These are extraordinary times, and I am planning to put my privilege on the line over the next four years. If it comes to pass that my opposition to the Trump administration’s policies makes me sufficiently partisan that I can’t be seen as a fair broker in the future, that will surely be the least of my problems. I’m not anti-market, or anti-Republican, but I am against policies that simply serve to exacerbate income inequality on some vague, unproven theory that the ultra-wealthy, who have lower marginal utility for each extra dollar, will somehow get that money into the hands of the middle class. Supply-side economics doesn’t work; the Laffer curve doesn’t suggest that cutting taxes will always increase revenue (depends where on the curve you are); and there is no evidence that private charity will step in to boost food security, health care, and education the way that government programs do. I don’t think now is the time to normalize, or be polite, or fear that taking a stand will somehow hurt me in the future. Democrats are the only ones who worry about that kind of thing anyway.
Today was a difficult day for me as for so many others, but I went with my wife and younger son to a demonstration in our town. I’m somewhat skeptical of demonstrations, particularly those in the Bay Area. I don’t think that anyone will take notice of this particular demonstration and change a single policy, and this is surely not what I meant about putting my privilege on the line. That will come later; most people here agree with me.
But there is something energizing and inspiring about being with other people who bother to show up. I was moved by the values people were out there in support of: health care for all, human rights, equality (racial, gender, religious), the environment. I loved seeing all the different kinds of people who were there, and the different kinds of people who honked as they drove by: truck drivers, drivers of fancy cars and not-so-fancy ones, of all races and ages. I ran into several friends I admire and had a long chat with a doctor I know who volunteers his time both at home and abroad to take care of vulnerable populations. It reminds me what I’m about, and that I’m not alone. There are many of us; we have power. People who care enough about the world to help strangers are cool and interesting. Affluent people who care mostly about maximizing their own post-tax revenue tend to be pretty selfish.
I know, from Michael Cialdini’s Influence, that the more cars honked the more other cars would be likely to honk. That happened today. Cars would honk and others would join in. The conversation between the sidewalk and the street gathered strength. There is a lot to be said for just being visible. It allows people to see what is possible. Resistance can be normalized. I don’t feel so isolated and hopeless anymore.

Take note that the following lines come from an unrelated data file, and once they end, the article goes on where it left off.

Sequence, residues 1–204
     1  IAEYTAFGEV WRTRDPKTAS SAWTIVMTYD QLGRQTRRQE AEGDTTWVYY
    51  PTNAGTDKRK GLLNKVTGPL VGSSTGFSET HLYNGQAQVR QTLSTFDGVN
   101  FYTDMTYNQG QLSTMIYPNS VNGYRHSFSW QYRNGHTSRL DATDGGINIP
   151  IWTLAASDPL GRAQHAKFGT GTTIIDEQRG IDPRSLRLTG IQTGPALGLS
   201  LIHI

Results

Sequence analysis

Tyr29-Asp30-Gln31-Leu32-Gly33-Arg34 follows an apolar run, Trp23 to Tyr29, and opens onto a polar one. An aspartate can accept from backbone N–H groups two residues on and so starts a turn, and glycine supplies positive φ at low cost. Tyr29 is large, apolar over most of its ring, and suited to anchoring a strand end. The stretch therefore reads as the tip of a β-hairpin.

I know that protest is not the end game. I know that this is not where we want to end up: having protests and calling it a day. But it also is so important to remember that millions more voted against Trump than voted for him. These kinds of demonstrations are energizing for the participants. They are full of optimism. Even the two people who opposed the protest (flipping us off and giving us the thumbs down, respectively) were met with polite handwaves from the protesters. I think most of us were just used to the overwhelming show of support, but as I told my son, responding with anger only lets anger win. What better way to neutralize the hate than not to become infected with it?
The real organizing work is surely to come when we try to channel the energy from this little protest (and the giant ones to come tomorrow) into more potent forms of opposition and change. I have actually been spending most of my time working on that–focusing on criminal justice reform, as usual–and just haven’t had the heart to blog.
But all of this activity, including my own, starts with our values. And our values are worth fighting for–particularly when compared to values like this:
So go to protests, even if, like me, you think there is a limit to what they can do. They might not change the world, but they can change how you feel about your prospects. And when you have hope, it makes getting up, getting out, and being heard much easier.
One thought on “The Spiritual Benefits of Protest”
Well, and the Left and Center Left have to figure out mechanisms for coalescing social mobilization with political mobilization, much as the Right did in the 80s and 90s. In the 1970s we called them Jesus Freaks, in the 80s The Bible Belt and Fundamentalists, and in the 90s Congress.
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